Social media has fueled Covid-19 misinformation since the beginning of the pandemic, casting doubts about both the legitimacy of the vaccines and of Covid-19 as a whole. The misinformation circulating online can be dangerous to the health of the public, as some posts promote medicines that have not been deemed safe for Covid-19 treatment, while other posts encourage individuals to refuse receiving a Covid-19 vaccination.

The US Food and Drug Administration (FDA) has publicly warned against the use of many products that have been shared on social media with claims that they can prevent or treat Covid-19. Said products include sanitisers, disinfectants, ultraviolet lights and even at-home Covid-19 tests and antigen tests. In addition to fake products, several posts on social media have claimed that various legitimate products are ineffective. For example, posts and videos have circulated that claim masks are ineffective and will not protect anyone from contracting Covid-19. Rumours have circulated through social media about Covid-19 test swabs, including that testing people leads to more Covid-19 cases. People have also shared videos on social media that claim test swabs contain ethylene oxide, a cancer-causing chemical. Although this claim has been corrected by health officials, the misinformation is still shared.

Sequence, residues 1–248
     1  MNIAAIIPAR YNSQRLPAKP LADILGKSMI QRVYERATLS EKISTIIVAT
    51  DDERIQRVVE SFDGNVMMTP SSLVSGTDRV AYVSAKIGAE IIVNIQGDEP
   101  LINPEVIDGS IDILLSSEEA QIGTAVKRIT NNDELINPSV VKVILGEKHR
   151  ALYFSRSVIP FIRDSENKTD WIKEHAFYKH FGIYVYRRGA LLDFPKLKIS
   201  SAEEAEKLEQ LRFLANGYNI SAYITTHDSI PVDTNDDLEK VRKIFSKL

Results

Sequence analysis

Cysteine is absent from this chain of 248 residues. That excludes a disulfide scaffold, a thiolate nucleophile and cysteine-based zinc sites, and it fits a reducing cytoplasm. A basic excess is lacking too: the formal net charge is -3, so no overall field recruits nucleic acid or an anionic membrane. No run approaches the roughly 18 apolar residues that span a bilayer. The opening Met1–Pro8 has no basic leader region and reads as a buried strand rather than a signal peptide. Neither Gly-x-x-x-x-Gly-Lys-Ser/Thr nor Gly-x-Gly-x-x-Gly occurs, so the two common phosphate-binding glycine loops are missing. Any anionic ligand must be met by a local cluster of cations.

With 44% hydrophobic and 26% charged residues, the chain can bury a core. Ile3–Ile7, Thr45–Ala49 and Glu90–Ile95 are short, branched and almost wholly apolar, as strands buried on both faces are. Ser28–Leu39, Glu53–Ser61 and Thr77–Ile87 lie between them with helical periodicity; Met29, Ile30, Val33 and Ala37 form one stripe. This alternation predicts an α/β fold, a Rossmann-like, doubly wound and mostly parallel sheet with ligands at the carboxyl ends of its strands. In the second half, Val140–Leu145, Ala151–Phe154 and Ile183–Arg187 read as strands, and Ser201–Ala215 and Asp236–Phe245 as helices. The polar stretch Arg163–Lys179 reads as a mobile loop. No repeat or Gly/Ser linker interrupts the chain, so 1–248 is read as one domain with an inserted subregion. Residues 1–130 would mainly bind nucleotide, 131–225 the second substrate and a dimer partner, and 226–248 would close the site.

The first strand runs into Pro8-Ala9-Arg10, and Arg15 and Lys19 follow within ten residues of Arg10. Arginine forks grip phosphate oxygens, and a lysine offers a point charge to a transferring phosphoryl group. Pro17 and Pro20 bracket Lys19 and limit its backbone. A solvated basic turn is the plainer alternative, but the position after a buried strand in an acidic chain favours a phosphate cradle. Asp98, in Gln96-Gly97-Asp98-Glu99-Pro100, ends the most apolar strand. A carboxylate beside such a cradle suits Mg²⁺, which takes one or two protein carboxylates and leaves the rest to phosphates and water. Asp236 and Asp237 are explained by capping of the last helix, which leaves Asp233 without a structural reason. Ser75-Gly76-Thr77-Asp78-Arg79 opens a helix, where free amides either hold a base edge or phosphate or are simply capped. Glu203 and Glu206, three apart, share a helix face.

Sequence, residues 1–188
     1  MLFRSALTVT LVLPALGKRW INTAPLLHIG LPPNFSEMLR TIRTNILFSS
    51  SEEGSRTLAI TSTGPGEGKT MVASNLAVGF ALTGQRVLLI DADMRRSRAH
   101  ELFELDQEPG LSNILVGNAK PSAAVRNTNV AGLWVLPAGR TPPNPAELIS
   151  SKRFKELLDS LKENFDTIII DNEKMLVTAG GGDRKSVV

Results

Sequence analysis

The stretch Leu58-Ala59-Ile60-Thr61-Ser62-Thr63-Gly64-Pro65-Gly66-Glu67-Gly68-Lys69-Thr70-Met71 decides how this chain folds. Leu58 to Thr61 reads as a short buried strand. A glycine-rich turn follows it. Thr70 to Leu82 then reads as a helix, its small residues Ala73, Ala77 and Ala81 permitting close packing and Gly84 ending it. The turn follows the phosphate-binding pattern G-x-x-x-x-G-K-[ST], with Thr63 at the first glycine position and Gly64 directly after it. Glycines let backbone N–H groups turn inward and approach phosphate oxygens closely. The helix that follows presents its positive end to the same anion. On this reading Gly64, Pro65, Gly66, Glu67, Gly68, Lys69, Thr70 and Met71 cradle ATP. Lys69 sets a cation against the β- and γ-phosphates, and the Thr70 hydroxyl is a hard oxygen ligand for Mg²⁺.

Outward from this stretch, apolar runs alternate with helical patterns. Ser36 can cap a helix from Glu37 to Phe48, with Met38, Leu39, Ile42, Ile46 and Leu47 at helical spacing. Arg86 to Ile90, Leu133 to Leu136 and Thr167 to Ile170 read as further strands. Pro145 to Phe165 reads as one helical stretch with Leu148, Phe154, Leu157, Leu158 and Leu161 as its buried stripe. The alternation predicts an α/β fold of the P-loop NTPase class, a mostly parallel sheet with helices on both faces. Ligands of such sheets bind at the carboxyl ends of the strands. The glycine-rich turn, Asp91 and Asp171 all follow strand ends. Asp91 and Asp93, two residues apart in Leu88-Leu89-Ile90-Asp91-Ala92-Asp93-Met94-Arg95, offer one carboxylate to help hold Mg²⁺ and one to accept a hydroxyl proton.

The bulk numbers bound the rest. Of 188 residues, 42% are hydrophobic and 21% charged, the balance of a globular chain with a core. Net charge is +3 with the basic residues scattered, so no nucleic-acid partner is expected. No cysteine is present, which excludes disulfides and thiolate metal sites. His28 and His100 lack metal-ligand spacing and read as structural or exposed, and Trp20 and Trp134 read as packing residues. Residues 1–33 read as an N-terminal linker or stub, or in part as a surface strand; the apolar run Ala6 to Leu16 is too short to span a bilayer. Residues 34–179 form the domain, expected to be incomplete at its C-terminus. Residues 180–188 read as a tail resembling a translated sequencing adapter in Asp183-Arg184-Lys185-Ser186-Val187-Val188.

While public health and government officials have spoken out about the dangers of health misinformation circulating on social media, it is increasingly difficult to identify inaccurate or misleading information online. Misinformation can be presented in a sophisticated or scientific way, making it look like a legitimate source of information. As a result, public health and government officials have turned to social media platforms to address the issue and stop the spread of misinformation. Twitter has recently announced that its users are now able to report Covid-19 misinformation in the same way they can report harassment or offensive content. Instagram and Facebook have also started to flag some content, so that such posts remain online but now include a note stating that they have been fact-checked and proven to be partially or fully false.

Social media platforms are unlikely to do anything else to prevent misinformation, and it is virtually impossible to flag every post that contains false data and news. Perhaps the only solution to the spread of Covid-19 misinformation is to fact check individually when coming across a post about Covid-19 and ensuring vigilance when consuming information found on social media.